Researchers introduce the “Telomouse”. By making a subtle genetic alteration in standard lab mice, they’ve made their telomeres, which protect the chromosome ends, more closely resemble those in humans. Telomeres are critical for maintaining genetic integrity and promoting healthy aging while reducing cancer risk. Standard lab mice have telomeres five times longer than humans, creating challenges in modeling their role in human aging and cancer. The Telomouse model, developed by incorporating a genetic variation from a mouse species with naturally shorter telomeres, provides a valuable resource for in-depth aging and cancer research, highlighting the importance of the RTEL1 protein in determining telomere length. This discovery promises to reveal new insights into the genetics of aging and may contribute to enhanced longevity and well-being.
[Jerusalem, Israel] – In an exciting scientific breakthrough, a team of researchers led by Professor Yehuda Tzfati from the Institute of Life Science at the Hebrew University and Professor Klaus Kaestner from the University of Pennsylvania Perelman School of Medicine, has introduced the “Telomouse.” This discovery involves changing just one tiny building block in one gene of ordinary lab mice, Mus musculus, to make their telomeres (our chromosome caps) look much more like the telomeres in humans.
Telomeres hold a pivotal responsibility in safeguarding our genetic material and ensuring the orderly division of our cells. Maintaining their structural integrity and optimal length holds the potential to diminish the risk of cancer and facilitate a healthier aging process. However, a significant hurdle has emerged: conventional laboratory mice possess telomeres approximately five times longer than those in humans. This disparity has posed a formidable challenge in using mice models for comprehending the implications of telomeres for human aging and cancer.
In the development of the Telomouse model, researchers turned their attention to a distinct mouse species, M. spretus, notable for its inherently shorter telomeres. Within the genetic code of these mice, a subtle variation within a pivotal protein known as RTEL1 was identified. By transferring this genetic distinction into typical laboratory mice, they succeeded in producing a lineage of mice with human-length telomeres. These novel Telomice exhibit robust health and reproductive capabilities, making them an exceptional resource for in-depth investigations into the complex realms of aging and cancer.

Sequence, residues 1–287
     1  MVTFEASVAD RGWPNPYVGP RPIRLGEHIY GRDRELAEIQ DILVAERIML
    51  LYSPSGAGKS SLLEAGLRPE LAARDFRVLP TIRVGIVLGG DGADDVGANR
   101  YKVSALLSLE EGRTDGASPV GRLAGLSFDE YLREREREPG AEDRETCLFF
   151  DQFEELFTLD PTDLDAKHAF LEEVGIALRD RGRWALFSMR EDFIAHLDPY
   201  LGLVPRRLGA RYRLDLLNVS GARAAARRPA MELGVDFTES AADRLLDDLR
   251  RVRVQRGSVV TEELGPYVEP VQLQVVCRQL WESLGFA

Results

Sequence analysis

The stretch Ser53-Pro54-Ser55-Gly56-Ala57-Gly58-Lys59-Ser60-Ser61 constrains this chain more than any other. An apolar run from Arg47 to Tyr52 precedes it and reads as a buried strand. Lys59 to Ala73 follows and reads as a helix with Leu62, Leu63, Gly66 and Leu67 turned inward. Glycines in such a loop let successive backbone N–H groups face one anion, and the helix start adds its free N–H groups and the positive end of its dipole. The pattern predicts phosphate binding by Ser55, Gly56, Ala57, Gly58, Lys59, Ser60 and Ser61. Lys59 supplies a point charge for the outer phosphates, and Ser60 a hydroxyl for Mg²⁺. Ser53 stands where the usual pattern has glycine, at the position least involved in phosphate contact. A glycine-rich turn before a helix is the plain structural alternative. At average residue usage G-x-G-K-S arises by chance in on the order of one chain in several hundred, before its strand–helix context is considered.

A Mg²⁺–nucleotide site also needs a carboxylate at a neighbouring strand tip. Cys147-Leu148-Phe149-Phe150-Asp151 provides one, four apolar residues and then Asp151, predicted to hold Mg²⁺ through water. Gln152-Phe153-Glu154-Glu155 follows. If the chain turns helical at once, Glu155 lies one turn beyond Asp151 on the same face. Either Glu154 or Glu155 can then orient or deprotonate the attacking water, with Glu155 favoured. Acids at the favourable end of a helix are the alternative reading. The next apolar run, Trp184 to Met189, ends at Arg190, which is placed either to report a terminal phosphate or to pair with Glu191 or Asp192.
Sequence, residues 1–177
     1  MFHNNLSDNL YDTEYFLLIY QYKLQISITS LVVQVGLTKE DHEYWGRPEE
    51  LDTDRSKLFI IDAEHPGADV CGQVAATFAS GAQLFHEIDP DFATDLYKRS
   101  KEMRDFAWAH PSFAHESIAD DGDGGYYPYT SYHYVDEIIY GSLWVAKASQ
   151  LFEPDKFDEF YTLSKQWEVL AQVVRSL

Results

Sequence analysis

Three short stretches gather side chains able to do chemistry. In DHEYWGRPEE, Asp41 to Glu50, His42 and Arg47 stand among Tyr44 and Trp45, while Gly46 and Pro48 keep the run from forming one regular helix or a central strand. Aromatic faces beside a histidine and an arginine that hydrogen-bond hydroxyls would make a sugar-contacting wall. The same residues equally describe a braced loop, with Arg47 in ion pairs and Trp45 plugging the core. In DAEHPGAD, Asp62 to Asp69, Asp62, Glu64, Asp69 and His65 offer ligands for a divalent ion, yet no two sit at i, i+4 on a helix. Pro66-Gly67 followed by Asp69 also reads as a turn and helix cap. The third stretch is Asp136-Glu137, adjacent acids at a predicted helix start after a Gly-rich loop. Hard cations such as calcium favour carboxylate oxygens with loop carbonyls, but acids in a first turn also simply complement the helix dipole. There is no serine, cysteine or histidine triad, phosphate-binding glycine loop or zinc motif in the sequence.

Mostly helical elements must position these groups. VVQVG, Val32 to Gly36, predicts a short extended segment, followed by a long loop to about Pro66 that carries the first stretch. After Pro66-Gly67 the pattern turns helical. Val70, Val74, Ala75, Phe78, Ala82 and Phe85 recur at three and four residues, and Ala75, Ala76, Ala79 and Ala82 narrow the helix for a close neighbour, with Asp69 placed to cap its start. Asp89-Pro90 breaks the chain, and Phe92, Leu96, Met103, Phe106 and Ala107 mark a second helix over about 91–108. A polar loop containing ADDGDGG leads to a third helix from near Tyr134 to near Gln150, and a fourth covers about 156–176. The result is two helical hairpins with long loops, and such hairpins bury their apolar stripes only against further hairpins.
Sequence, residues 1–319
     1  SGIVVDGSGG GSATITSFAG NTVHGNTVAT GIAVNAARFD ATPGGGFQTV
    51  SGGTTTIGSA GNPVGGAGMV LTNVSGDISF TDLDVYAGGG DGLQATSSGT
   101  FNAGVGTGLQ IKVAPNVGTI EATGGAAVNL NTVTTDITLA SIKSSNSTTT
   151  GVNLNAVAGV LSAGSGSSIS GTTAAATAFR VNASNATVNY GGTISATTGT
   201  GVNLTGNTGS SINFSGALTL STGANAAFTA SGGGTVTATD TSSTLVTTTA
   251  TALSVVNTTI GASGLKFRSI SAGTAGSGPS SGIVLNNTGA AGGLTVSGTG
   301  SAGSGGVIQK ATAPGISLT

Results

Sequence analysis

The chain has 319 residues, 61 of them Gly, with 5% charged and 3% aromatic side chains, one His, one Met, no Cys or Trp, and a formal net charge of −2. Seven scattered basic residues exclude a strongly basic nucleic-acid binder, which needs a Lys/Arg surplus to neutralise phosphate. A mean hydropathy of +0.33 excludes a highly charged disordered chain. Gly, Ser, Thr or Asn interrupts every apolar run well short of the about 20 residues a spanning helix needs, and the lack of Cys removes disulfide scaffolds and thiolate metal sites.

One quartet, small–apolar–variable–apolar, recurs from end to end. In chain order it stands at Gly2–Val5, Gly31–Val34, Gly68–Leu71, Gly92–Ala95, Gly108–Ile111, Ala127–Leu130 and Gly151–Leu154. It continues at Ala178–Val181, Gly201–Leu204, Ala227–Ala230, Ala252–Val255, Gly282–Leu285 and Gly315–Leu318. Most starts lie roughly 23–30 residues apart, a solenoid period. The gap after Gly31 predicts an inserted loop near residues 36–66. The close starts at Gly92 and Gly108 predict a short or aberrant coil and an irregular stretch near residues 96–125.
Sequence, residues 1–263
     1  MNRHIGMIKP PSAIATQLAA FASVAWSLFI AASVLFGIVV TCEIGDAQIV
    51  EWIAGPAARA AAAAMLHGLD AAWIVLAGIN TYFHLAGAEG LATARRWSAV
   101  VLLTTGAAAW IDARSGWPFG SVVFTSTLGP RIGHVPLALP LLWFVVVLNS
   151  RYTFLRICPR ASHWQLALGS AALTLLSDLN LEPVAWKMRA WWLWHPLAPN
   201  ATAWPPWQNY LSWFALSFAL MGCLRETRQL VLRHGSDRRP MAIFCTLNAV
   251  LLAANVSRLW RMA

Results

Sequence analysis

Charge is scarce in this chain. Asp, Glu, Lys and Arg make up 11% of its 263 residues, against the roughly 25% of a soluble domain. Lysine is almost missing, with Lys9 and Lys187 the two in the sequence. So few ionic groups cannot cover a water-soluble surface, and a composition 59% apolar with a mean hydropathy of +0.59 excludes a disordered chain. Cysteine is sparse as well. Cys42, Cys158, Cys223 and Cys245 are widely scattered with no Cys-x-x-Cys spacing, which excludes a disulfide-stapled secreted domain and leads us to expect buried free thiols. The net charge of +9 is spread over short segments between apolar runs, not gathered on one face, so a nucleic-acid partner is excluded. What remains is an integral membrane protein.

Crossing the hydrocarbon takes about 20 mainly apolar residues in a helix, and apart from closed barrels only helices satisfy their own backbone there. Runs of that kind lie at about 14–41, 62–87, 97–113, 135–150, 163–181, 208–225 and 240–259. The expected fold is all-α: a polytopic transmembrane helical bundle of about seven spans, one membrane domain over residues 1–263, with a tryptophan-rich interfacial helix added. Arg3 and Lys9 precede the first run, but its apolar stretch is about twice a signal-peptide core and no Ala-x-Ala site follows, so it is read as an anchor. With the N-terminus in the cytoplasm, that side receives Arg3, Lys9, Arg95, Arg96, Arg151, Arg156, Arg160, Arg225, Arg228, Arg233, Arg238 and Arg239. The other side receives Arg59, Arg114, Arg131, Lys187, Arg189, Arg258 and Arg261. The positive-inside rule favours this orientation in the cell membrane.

This study illuminates the central role of RTEL1 as the arbiter of telomere length. A nuanced modification to this crucial protein has enabled scientists to fashion a mouse model that closely approximates the human telomere length.
During the research, the researchers also achieved an invaluable breakthrough in our ability to measure the length of each single telomere, and particularly the shortest telomeres in the cell which are the ones to dictate the cellular function and fate. They developed a novel method for measuring the precise length of individual telomeres using a new generation of DNA sequencing called nanopore sequencing. This method, termed ‘NanoTelSeq’, enables evaluating the ‘telomeric health’ in samples from blood or other tissues of healthy individuals, as well as patients of cancers and aging diseases, and improve diagnosis, prognosis and treatment of these patients.
Professor Yehuda Tzfati, the principal investigator of this endeavor, posits, “The Telomouse model is promising to enrich our comprehension of the intricate nexus between telomeres, cancer and the aging process. I believe that NanoTelSeq will replace currently used methods, enable accurate evaluation of the telomere state in patients and healthy individuals, and reveal how it affects human health. Such insights will hopefully culminate in innovative strategies for combating cancer and fostering the well-being of aging individuals.”
The research paper titled “Telomouse — a mouse model with human-length telomeres generated by a single amino acid change in RTEL1” is now available in Nature Communications and can be read at https://t.ly/BsJlO.